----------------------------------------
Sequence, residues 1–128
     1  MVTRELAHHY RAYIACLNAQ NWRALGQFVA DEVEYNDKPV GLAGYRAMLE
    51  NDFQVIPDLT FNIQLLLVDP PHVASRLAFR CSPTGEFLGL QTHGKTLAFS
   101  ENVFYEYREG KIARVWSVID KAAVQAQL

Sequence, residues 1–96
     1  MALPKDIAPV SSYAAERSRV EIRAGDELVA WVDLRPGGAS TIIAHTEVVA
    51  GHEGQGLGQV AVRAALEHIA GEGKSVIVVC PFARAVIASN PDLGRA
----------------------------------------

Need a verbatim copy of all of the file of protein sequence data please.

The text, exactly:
Sequence, residues 1–128
     1  MVTRELAHHY RAYIACLNAQ NWRALGQFVA DEVEYNDKPV GLAGYRAMLE
    51  NDFQVIPDLT FNIQLLLVDP PHVASRLAFR CSPTGEFLGL QTHGKTLAFS
   101  ENVFYEYREG KIARVWSVID KAAVQAQL

Sequence, residues 1–96
     1  MALPKDIAPV SSYAAERSRV EIRAGDELVA WVDLRPGGAS TIIAHTEVVA
    51  GHEGQGLGQV AVRAALEHIA GEGKSVIVVC PFARAVIASN PDLGRA